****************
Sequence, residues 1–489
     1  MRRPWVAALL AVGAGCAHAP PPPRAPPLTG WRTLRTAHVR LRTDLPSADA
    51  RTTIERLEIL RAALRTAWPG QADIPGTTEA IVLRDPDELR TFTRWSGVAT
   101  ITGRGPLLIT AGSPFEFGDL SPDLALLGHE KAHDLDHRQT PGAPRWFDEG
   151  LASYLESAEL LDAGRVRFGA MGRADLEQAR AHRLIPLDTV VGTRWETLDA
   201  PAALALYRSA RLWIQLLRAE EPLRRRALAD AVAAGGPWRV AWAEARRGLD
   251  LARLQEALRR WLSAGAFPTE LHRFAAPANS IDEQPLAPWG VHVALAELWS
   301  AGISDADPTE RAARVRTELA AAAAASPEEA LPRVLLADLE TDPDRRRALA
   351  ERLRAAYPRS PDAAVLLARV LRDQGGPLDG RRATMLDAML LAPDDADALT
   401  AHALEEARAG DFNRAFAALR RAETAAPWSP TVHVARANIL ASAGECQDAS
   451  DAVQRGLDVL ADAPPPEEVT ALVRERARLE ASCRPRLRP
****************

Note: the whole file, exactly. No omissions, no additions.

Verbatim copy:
Sequence, residues 1–489
     1  MRRPWVAALL AVGAGCAHAP PPPRAPPLTG WRTLRTAHVR LRTDLPSADA
    51  RTTIERLEIL RAALRTAWPG QADIPGTTEA IVLRDPDELR TFTRWSGVAT
   101  ITGRGPLLIT AGSPFEFGDL SPDLALLGHE KAHDLDHRQT PGAPRWFDEG
   151  LASYLESAEL LDAGRVRFGA MGRADLEQAR AHRLIPLDTV VGTRWETLDA
   201  PAALALYRSA RLWIQLLRAE EPLRRRALAD AVAAGGPWRV AWAEARRGLD
   251  LARLQEALRR WLSAGAFPTE LHRFAAPANS IDEQPLAPWG VHVALAELWS
   301  AGISDADPTE RAARVRTELA AAAAASPEEA LPRVLLADLE TDPDRRRALA
   351  ERLRAAYPRS PDAAVLLARV LRDQGGPLDG RRATMLDAML LAPDDADALT
   401  AHALEEARAG DFNRAFAALR RAETAAPWSP TVHVARANIL ASAGECQDAS
   451  DAVQRGLDVL ADAPPPEEVT ALVRERARLE ASCRPRLRP